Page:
Polycystic ovarian syndrome (PCOS) is very common in girls and women of reproductive age and is a major cause of female subfertility. While no treatment is authorized for PCOS, about 98% of the girls who have it, regardless of whether they are sexually active, take a combined oral contraceptive pill that contains an estrogen and a progestin. In adolescent girls with PCOS, bringing the amount of abdominal visceral fat and liver fat to normal ovulation restoration, normalizes the symptoms of excess androgen and can help prevent future subfertility, suggests new research from Spain. In a study conducted at the University of Barcelona, Dr. Ibáñez and her colleagues enrolled 36 young women with PCOS who on average were 16 years of age, were non-obese and not sexually active. They had had their first menstrual cycle at least two years ago; and their excessive hair and irregular menstruation could not be attributed to specific causes.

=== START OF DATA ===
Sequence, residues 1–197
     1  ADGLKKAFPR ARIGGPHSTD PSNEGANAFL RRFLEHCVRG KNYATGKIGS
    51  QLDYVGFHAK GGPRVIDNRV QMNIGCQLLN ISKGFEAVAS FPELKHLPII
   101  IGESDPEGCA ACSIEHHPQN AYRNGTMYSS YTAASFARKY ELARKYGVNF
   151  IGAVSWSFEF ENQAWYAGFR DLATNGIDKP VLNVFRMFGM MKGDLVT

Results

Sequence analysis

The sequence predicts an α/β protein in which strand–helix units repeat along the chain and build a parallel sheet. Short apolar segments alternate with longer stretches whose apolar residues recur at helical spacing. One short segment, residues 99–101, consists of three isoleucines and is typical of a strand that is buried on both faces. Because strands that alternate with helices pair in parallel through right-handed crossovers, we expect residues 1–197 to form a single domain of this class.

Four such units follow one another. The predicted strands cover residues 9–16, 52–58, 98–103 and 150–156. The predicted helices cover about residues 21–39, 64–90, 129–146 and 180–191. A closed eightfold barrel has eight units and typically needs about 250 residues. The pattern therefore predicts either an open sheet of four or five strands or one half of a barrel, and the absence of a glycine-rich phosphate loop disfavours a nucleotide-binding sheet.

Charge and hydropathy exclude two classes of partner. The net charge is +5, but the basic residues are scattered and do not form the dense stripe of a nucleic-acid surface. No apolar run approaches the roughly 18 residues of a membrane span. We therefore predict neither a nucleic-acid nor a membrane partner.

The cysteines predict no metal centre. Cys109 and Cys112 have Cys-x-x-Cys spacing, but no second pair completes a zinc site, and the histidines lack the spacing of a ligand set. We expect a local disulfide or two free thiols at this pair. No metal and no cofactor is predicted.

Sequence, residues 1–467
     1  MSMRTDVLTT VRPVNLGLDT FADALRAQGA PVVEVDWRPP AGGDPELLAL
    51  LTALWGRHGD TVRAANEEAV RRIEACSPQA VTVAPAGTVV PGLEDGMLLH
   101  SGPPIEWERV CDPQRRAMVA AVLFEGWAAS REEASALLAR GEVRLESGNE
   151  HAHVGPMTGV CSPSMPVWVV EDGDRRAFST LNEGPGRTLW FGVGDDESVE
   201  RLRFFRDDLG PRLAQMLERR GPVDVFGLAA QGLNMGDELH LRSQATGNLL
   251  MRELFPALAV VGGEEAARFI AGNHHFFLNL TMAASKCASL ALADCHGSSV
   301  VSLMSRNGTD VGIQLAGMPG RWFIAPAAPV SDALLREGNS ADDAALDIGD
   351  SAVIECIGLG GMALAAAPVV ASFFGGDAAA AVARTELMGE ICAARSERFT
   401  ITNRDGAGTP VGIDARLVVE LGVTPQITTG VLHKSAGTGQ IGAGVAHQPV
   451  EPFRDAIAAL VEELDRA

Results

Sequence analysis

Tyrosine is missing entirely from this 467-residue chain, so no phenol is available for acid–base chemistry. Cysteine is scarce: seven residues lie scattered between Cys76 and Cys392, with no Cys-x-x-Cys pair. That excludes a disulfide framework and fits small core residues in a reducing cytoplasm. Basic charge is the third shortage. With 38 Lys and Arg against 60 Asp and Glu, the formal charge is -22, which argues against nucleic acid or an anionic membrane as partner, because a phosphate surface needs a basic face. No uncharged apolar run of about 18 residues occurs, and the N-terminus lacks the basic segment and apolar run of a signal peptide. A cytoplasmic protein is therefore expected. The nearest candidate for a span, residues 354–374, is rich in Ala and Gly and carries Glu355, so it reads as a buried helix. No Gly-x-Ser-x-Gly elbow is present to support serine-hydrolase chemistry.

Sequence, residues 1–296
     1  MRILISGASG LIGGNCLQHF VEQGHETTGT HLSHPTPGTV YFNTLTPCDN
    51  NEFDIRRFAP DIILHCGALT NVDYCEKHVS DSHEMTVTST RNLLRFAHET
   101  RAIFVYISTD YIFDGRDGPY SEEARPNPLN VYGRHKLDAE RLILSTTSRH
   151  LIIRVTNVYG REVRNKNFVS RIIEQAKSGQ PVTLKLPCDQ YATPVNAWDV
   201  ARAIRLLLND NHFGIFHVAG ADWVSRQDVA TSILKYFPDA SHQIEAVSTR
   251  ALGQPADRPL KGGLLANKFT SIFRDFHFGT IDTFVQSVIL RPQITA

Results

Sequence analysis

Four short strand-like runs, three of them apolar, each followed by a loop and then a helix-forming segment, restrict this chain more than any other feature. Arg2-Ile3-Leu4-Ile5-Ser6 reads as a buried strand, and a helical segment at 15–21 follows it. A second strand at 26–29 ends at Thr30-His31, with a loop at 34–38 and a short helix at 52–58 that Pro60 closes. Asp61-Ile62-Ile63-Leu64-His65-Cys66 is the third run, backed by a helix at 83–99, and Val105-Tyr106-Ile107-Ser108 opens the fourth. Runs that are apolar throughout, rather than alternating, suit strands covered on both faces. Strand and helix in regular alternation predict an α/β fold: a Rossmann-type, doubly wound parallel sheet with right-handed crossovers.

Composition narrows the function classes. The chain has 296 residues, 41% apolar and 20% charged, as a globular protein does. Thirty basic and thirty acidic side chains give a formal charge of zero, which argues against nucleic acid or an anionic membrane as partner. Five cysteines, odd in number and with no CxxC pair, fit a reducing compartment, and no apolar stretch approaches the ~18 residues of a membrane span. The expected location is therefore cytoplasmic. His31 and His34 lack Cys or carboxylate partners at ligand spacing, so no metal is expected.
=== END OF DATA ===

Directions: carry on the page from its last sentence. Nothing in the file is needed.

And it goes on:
Participants were randomized to receive one of the two drug combinations per day: some took a combined oral contraceptive pill containing 20 mcg ethinylestradiol + 100 mg levonorgestrel; others took SPIOMET (spironolactone 50 mg + pioglitazone 7.5 mg + and metformin 850 mg). The girls were also encouraged to exercise regularly and follow a Mediterranean diet. They took the drugs for 12 months and were followed without intervention for another 12 months. Referring to menstrual diaries and weekly measurements of salivary progesterone, the researchers counted the number of two-stage ovulations: between 3 and 6 months after treatment and between 9 and 12 months after treatment. The authors also assessed body composition; the amount of abdominal, visceral and hepatic fat; thickness of the carotid artery; blood markers such as cholesterol, androgens, insulin and other cardiovascular health indicators.
- edited by Dr. Gianfrancesco Cormaci, PhD, specialist in Clinical Biochemistry.
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